Support for Russia's president and prime minister has fallen to its lowest point in several years according to three national surveys published in a Russian business daily on Tuesday.
The results of the polls are particularly surprising since they do not take into account people's reactions to the allegedly poorly handled wild fire crisis.
Vedomosti daily cited a survey conducted by the All-Russian Public Opinion Research Center (VTsIOM) as saying that trust in Russian President Dmitry Medvedev has dropped from 44 percent in January to 39 percent in August, while trust in Prime Minister Vladimir Putin dropped from 53 percent to 47 percent in the same period.
A survey carried out by the Public Opinion Foundation (FOM) showed a 10 percent drop in trust in the president, from 62 percent in January to 52 percent as of August 1. Trust in Putin dropped by 8 percent.
Meanwhile, a poll by Russia's Levada Center think-tank shows just a slight drop in Medvedev and Putin's popularity indexes. Medvedev saw a 1 percent drop in support while people's trust to Putin decreased by 4 percent.
There is no obvious reason for people's changing attitudes towards politicians, Vedomosti daily quoted a Kremlin source as saying. He said the ruling Kremlin United Russia party was concerned about the trend and the unrest it may cause.
The popularity ratings of Putin and Medvedev could drop to 40 percent in the next six months, leading Russian Sociologist Leonty Byzov told Vedomosti. He said there was a growing fatigue surrounding Putin's popularity and that if the government's reaction to the wild fire crisis is taken into account, the popularity ratings of the two leaders would decrease dramatically.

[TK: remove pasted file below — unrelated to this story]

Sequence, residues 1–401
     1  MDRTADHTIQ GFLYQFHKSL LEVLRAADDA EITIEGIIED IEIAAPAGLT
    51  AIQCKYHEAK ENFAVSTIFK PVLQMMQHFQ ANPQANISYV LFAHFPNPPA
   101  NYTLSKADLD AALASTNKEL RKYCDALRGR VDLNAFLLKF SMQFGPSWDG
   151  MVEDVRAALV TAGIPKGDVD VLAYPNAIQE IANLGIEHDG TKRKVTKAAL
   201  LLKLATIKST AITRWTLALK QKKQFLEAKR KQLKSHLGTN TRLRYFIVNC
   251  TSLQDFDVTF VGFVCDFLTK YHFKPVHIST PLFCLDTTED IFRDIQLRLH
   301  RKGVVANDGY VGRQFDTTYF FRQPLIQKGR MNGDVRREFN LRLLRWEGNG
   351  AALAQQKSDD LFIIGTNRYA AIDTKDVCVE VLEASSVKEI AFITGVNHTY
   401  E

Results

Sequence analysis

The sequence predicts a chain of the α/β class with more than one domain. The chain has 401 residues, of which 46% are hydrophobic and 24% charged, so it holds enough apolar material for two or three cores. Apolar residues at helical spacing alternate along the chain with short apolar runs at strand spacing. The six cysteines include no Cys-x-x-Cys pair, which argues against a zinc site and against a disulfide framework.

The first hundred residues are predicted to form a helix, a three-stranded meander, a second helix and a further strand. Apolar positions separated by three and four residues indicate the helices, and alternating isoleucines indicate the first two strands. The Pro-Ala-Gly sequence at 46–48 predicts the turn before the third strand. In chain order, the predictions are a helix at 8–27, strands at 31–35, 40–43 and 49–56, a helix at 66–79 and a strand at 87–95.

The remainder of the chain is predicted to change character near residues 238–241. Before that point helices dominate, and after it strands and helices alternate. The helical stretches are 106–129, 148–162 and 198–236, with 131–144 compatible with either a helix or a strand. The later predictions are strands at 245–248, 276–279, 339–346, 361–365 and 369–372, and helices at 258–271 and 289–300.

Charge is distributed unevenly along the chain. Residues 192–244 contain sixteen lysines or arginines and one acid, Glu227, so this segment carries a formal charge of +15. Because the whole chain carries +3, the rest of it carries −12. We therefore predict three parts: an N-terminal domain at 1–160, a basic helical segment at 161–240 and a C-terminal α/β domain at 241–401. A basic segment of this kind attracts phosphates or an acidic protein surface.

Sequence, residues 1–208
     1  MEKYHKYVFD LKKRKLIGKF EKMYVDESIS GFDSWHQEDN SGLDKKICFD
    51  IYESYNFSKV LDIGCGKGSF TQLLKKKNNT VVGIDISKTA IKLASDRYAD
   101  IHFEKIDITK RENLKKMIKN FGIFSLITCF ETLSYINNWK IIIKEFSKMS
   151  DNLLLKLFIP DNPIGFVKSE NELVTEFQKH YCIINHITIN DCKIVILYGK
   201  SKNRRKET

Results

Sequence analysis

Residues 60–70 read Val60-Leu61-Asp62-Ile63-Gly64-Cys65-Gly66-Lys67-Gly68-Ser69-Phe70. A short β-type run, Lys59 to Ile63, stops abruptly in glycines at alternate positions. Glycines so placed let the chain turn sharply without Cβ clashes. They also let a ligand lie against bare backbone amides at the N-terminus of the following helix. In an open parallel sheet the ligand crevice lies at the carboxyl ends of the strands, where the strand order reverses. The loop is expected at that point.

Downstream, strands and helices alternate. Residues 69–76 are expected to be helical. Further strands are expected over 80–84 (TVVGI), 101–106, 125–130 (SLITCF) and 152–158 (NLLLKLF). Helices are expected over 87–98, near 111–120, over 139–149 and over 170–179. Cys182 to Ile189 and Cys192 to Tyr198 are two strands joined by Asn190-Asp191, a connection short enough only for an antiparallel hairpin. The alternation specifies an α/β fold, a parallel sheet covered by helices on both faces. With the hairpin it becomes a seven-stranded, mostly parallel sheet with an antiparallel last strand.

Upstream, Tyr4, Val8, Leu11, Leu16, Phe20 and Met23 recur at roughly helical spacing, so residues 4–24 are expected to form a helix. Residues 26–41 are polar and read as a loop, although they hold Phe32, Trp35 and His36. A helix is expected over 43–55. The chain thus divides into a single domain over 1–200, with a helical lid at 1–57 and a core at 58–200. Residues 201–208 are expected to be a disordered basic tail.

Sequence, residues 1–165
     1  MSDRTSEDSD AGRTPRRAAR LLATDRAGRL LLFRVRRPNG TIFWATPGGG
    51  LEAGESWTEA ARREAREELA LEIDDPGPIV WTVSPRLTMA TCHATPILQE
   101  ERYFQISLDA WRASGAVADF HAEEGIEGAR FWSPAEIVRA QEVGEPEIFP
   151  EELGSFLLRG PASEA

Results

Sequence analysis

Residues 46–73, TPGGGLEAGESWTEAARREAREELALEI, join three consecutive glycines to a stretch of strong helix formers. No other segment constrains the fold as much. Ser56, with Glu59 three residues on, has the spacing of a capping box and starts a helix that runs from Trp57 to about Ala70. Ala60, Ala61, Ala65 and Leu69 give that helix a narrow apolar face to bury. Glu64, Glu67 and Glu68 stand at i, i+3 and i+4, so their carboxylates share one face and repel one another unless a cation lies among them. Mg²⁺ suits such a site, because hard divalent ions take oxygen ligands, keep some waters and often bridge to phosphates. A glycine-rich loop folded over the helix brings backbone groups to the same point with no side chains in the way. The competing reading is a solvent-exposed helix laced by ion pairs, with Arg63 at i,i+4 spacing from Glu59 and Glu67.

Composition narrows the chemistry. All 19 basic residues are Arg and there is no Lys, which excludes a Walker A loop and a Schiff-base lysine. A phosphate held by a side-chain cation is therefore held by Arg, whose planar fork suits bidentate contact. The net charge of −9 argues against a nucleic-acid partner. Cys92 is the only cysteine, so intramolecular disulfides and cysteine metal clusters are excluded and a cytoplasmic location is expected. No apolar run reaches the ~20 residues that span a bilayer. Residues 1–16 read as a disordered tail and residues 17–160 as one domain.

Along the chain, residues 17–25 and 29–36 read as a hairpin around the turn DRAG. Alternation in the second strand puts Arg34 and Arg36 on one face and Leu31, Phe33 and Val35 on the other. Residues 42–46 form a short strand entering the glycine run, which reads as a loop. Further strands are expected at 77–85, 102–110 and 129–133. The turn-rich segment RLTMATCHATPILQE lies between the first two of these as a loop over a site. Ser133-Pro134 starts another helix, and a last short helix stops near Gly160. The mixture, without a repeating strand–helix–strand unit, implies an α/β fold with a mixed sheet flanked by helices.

FOM President Alexander Oslon, said such low popularity ratings could be explained by the extended heat wave in most of Central Russia that has worsened the mood of many Russians.
Wildfires, sparked by weeks of abnormally high temperatures in central Russia, have severely damaged the Russian economy, with the estimated short-term loss of $15 billion.
Russian Presidential Administration adviser, Gleb Pavlovsky told Vedomosti the wildfires caught Russian authorities by surprise, when it could have been used to their advantage.
"This is a sign of exhausted leadership," he said.
MOSCOW, August 9 (RIA Novosti)